The Word Made Fresh
1At Mizpah the Israelites had sworn, “None of us will give a daughter in marriage to a Benjaminite.” 2Now they gathered at Bethel, and sat there before the LORD until evening, weeping bitterly. 3They cried, “O LORD God of Israel, why has it happened that today a tribe is gone from Israel?”
4The next day they arose early and built an altar there and offered burnt offerings and peace offerings. 5Then they asked, ‘Who among our tribes did not come up with us to gather before the LORD?” They had made a vow earlier that anyone who did not come up to the LORD at Mizpah would be executed. 8But now they felt sorry for Benjamin, their relatives, and said, “One tribe has been taken away from Israel. 7Of the few that remain, how can we find wives for them, since we have sworn before the LORD that we will not give them any of our daughters?”
That is why they asked, “Are there any from among the tribes of Israel who did not join with us before the LORD at Mizpah?” They realized that no one from Jabesh-Gilead had assembled with them at their camp, 9and when they had called the roll no one from Jabesh-Gilead had answered.
10They chose twelve thousand soldiers and sent them there, and told them, “Go, execute the people who live at Jabesh-Gilead, including women and children. 11No, do this: destroy every man, and every woman who has had sex with a man.” 12When they went, they discovered that there were four hundred young virgins in Jabesh-Gilead. They brought them to the camp at Shiloh in the land of Canaan.
13They sent a message to the Benjaminites at the rock of Rimmon to make peace with them, 14and the remaining men of Benjamine returned, and they gave them the women they had saved from Jabesh-Gilead. But there weren’t enough of them.
15They felt sorry for Benjamin because the LORD had made a hole in Israel. 16The elders said, “What shall we do to find wives for the ones who are left, since there are no women left in Benjamin? 17It is crucial that the remaining Benjaminites have heirs, or a whole tribe will be erased from Israel. 18But we can’t give our daughters to them as wives because we have sworn that anyone of us who allows a daughter to marry a Benjaminite will be cursed.”
19Finally, someone said, “Every year there is a festival to the LORD at Shiloh, which is located north of Bethel east of the road that goes from Bethel to Shechem south of Lebonah.” 20So, they told the Benjaminites, “Go and hide in the vineyards 21and watch, and when the young women of Shiloh come to join in the dances, come out of the vineyards and each of you carry off a wife for yourself and take her to the territory of Benjamin. 22If the girls’ fathers or brothers complain about it, we’ll tell them to be generous and allow the girls to go, because we were unable to capture in battle a wife for each man of Benjamin.” And this way we are not guilty of giving our daughters to them.”
23And that’s what happened. The men of Benjamin took wives from among the dancers and returned to their territory and rebuilt their towns and lived in them.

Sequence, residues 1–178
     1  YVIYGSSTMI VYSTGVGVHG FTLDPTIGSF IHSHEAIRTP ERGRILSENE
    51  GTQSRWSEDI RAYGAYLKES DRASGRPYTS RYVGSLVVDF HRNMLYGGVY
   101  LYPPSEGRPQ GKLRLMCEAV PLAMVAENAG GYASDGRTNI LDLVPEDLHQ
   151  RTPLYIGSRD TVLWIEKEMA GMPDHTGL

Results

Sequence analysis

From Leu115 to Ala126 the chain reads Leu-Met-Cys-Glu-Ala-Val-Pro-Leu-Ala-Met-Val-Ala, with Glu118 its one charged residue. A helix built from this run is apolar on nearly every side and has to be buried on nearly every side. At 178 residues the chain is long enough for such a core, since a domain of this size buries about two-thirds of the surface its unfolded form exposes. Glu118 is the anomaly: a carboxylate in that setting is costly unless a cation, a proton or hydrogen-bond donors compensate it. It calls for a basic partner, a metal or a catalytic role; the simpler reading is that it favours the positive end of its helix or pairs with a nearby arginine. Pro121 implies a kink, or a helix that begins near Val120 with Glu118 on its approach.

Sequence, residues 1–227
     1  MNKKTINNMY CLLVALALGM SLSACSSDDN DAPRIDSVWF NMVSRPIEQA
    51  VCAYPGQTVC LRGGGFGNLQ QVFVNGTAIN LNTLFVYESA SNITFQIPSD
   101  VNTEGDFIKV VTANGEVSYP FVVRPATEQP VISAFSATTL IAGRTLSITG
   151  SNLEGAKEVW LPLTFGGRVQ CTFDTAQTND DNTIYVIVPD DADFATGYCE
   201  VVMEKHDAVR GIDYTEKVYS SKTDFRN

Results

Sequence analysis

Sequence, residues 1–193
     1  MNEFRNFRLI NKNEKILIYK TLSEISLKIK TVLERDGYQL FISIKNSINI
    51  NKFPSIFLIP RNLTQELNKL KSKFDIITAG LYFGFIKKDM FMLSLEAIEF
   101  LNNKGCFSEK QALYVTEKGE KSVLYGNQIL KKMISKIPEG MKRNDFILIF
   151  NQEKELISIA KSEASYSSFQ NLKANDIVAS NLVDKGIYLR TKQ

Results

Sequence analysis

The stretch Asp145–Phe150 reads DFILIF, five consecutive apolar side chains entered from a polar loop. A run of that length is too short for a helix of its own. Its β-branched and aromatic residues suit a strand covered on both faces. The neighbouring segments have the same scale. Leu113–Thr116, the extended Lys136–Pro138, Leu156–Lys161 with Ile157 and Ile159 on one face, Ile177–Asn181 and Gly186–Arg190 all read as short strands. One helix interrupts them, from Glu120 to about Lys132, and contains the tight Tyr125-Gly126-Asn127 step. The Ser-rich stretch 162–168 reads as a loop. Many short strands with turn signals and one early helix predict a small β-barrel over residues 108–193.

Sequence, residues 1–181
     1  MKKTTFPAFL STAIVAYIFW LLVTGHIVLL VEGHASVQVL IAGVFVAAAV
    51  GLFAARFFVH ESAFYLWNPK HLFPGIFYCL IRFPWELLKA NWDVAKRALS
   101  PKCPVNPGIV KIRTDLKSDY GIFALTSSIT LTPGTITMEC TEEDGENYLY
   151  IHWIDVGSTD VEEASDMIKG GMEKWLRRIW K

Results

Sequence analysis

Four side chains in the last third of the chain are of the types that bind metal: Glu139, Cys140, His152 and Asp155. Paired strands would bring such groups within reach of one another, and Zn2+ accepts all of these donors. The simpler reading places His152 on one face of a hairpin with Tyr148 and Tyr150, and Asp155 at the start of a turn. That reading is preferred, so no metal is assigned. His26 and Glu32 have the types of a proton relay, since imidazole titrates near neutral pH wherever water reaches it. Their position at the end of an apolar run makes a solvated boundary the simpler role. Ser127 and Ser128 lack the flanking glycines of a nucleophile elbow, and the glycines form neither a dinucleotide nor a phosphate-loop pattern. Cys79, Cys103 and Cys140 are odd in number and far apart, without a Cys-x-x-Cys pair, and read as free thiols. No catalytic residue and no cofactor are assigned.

24Then all the Israelites in their family and tribal groups left Shiloh and returned to their own territories. 25In those days Israel had no king. Everybody did whatever they thought was right.
1-14: There is no joy at Bethel. The Israelites mourn the fact that nearly the entire tribe of Benjamin has been wiped from the face of the earth. There are 600 men remaining, of course, but they cannot marry and carry on their tribe because the other tribes swore at the original gathering at Mizpah that they will not give their daughters to the men of Benjamin. What to do? Well, it turns out that one city did not respond to the call to arms — Jabesh-Gilead — and so it seems to them to be a fair and reasonable solution to murder everybody in Jabesh-Gilead except the virgin girls and give them to the Benjaminites. And the beat goes on.
But there are only 400 virgins, and 600 guys, leaving 200 without gals.
15-24: What to do? They finally arrive at a clever solution. They tell the remaining 200 Benjaminites to go hide in the vineyards near Shiloh where a popular festival is taking place. When the young girls come out to dance, they are to spring out of hiding, grab a girl and head for the hills. When the girls’ fathers protest, they will be told it’s alright — after all, they weren’t “giving” their daughters to the Benjaminites, and so their agreement at Mizpah was not being violated. I’m sure the fathers said, “Oh, okay! It’s alright, then!”
(Al Capp, author the popular comic strip “Li’l Abner,” was inspired by this story to invent his imaginary community festival called “Sadie Hawkins’ Day.” But in his version, it is the girls who chase down the guys and marry whichever one they can catch.)
25: After Samson died, we were told that “in those days there was no king in Israel; all the people did what was right in their own eyes” (17:6). Those very words are repeated at the end of the book of Judges. The last 5 chapters have illustrated what happens to a society when all the people do whatever is right in their own eyes.
There is one important lesson we can take from the book of Judges: If God can straighten this mess out, God can straighten us out, too.